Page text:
click to enlarge Map of COVID-19 cases reported in Nova Scotia as of January 27, 2021. Legend here. - THE COAST
  • Map of COVID-19 cases reported in Nova Scotia as of January 27, 2021. Legend here.
  • The Coast

Since Saturday, the last few days have been like coronavirus binary code—all ones and zeroes in terms of new infections. Unfortunately today breaks the pattern with four fresh cases.

"Two cases are in Central Zone and the other two cases are in Eastern Zone," says the province's C19 update to media. "All cases are close contacts of previously reported cases."

Premier McNeil and top doc Strang are using this mini-surge to remind us citizens that we are doing good work keeping the disease contained, but that work isn't over.

"The virus is still here and we know it is always looking for an opportunity to spread," says the premier in the update. "That's why we are being cautious, keeping restrictions in place and encouraging everyone to continue following all of the public health protocols."

Strang grounded his statement in soap and water, as he's now been doing for a full year. "Continue to do your part by wearing a mask, limiting social contacts, practising social distancing, adhering to the gathering limit, staying home if you feel unwell and washing your hands."


Tuesday, January 26


 A single case

click to enlarge Map of COVID-19 cases reported in Nova Scotia as of January 26, 2021. Legend here. - THE COAST
  • Map of COVID-19 cases reported in Nova Scotia as of January 26, 2021. Legend here.
  • The Coast

Today's COVID-19 report from the province is kinda boring. Which is totally awesome.

There's just one new case. It's "in Central Zone and is related to travel outside Atlantic Canada," says the province. "The person is self-isolating, as required." No talk of people breaking rules, or infections the might happen after the 14-day quarantine period. And the number of active cases has dropped to a level—11 patients—we haven't seen since last Halloween.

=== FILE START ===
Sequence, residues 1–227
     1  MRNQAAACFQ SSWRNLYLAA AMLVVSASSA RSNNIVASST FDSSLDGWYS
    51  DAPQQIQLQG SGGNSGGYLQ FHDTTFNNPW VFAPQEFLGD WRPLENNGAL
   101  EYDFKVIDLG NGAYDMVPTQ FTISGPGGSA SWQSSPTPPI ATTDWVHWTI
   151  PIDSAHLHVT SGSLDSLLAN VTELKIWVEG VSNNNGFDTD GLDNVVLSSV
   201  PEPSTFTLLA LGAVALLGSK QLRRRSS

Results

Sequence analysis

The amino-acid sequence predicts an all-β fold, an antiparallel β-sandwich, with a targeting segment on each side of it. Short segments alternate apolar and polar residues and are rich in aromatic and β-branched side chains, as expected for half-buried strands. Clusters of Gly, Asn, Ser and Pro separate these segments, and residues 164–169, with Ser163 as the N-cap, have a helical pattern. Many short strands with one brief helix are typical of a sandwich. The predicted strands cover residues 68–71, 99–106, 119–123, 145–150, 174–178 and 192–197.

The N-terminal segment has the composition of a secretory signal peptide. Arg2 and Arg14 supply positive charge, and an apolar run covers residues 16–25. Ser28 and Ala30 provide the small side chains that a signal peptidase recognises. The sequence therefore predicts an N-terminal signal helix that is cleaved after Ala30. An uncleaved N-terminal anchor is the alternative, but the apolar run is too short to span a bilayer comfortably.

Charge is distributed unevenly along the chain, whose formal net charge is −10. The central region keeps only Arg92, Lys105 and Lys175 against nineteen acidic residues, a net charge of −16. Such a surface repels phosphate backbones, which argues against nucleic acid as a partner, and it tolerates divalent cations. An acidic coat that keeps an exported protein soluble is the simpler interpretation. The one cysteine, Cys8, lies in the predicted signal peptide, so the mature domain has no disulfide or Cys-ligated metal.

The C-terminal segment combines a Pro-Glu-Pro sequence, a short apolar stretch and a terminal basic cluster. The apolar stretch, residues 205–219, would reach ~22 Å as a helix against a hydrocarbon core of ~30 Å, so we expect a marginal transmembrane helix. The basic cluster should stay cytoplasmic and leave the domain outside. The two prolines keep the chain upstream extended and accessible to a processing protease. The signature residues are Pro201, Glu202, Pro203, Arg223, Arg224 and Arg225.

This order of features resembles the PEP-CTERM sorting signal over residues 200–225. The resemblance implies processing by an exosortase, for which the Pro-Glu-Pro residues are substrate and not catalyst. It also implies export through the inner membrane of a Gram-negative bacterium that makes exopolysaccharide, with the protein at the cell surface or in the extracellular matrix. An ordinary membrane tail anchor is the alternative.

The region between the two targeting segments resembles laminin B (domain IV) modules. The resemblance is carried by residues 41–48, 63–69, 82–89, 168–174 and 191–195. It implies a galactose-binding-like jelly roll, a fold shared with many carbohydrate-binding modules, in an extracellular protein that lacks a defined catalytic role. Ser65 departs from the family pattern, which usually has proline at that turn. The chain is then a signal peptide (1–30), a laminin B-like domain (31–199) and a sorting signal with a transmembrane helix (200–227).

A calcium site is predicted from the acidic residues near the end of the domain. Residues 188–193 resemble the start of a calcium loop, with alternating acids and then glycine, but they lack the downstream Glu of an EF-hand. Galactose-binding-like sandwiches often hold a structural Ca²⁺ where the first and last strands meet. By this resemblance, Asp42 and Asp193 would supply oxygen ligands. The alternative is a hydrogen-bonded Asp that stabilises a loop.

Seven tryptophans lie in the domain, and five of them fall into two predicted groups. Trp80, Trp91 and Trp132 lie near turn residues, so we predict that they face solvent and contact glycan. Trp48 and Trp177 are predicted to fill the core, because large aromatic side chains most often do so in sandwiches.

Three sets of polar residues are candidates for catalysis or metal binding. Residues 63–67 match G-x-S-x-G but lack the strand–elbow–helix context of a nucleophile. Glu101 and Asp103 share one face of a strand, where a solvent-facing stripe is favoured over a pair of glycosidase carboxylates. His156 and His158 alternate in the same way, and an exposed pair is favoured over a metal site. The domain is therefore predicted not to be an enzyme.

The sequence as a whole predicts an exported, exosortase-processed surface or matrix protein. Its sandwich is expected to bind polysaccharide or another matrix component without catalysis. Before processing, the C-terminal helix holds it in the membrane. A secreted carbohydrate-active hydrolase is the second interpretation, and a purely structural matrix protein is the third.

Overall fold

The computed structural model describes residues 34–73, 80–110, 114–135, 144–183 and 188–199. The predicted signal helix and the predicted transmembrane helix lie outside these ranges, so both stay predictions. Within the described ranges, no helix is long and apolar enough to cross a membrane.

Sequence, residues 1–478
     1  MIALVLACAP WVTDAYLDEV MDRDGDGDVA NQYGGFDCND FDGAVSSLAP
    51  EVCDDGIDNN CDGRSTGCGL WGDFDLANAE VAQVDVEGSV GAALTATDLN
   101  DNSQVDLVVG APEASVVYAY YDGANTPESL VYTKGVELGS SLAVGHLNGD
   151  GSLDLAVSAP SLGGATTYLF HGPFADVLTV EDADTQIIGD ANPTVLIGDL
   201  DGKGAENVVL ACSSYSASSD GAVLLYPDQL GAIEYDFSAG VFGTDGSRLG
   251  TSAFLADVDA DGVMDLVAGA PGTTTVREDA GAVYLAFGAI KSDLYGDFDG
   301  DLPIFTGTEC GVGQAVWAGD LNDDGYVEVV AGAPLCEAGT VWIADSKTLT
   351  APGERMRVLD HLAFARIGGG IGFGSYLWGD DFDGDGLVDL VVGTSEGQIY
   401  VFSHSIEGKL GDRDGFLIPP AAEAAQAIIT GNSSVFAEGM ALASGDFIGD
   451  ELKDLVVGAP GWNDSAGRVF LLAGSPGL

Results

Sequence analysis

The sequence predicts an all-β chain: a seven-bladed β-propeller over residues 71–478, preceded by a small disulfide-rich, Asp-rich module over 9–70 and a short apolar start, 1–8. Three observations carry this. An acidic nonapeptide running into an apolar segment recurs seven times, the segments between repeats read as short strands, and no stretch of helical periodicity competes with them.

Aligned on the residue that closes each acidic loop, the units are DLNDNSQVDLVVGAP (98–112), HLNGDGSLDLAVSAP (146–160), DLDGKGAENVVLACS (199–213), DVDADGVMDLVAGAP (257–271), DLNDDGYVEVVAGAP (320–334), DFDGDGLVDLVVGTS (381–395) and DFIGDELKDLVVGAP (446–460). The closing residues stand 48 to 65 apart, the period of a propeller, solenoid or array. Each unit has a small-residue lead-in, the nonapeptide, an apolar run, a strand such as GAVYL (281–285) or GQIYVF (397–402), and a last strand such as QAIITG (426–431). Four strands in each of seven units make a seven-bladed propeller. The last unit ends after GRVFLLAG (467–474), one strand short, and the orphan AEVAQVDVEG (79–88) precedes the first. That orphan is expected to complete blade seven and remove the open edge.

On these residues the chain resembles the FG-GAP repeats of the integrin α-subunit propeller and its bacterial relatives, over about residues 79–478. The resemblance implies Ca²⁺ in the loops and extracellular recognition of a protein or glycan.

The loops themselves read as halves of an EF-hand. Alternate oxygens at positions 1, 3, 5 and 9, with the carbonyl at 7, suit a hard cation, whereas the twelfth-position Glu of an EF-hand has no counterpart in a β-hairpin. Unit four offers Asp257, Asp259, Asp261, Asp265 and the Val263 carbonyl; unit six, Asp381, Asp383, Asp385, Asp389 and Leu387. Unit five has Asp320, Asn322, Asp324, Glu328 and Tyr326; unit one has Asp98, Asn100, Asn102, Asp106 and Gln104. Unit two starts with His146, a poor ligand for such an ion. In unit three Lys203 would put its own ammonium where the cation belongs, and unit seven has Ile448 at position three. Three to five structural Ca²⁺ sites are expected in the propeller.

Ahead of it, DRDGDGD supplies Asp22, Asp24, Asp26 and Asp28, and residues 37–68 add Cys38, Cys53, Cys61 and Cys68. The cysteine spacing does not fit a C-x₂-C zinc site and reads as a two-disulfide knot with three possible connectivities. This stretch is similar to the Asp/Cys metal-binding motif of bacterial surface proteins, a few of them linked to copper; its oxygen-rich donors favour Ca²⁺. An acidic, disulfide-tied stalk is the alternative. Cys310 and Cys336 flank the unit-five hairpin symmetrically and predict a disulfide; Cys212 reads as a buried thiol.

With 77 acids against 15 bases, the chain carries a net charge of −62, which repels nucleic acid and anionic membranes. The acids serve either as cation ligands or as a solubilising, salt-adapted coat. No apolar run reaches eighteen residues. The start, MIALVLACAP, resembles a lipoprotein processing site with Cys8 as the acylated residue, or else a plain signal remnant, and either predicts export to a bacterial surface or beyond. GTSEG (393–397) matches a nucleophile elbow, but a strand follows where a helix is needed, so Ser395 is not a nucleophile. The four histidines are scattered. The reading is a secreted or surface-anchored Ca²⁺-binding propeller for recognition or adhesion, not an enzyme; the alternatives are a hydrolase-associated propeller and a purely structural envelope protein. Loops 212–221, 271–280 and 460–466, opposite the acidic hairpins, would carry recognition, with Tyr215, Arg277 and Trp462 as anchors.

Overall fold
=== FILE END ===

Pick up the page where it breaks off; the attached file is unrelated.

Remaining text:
Straightforward. Boring. Awesome.


Monday, January 25


 C19 testing drives to Dal

click to enlarge The NSHA's mobile health units can take COVID-19 testing where it's needed. - NOVA SCOTIA HEALTH AUTHORITY
  • The NSHA's mobile health units can take COVID-19 testing where it's needed.
  • Nova Scotia Health Authority

Although university students who returned to Nova Scotia for the winter term are controversially only "strongly encouraged" to get tested for C19, rather than required, that encouragement is getting more emphatic. The Nova Scotia Health Authority is sending mobile health units to Dalhousie's campus on Tuesday and Wednesday in hopes of getting more students tested—not just those who travelled over the holiday break, but all students. And anyone else, for that matter.

"Public Health is encouraging all students attending post-secondary institutions on the Halifax peninsula to get tested," says the NSHA in a press release. "Testing is recommended for students even if they have not travelled, have not been at a location listed in an exposure notice, and have no symptoms."

With a caution to dress for the weather because you might be waiting outside for your test, and a promise that you won't have to self-isolate until the test result arrives, the NSHA casts a wide net. "Drop-in testing will be available at Public Health’s Mobile Health Units on Tuesday, Jan. 26 and Wednesday, Jan. 27 at Dalhousie University (Goldberg Computer Science Building, University Avenue, Edward Street entrance) from 10am to 5:30pm," the press release says. "Testing at the Mobile Health Units is open to everyone, not just students."


 When two weeks isn’t enough quarantine

click image If you flew to Halifax on January 10, you could still develop C19 even though your 14-day isolation is done.
  • If you flew to Halifax on January 10, you could still develop C19 even though your 14-day isolation is done.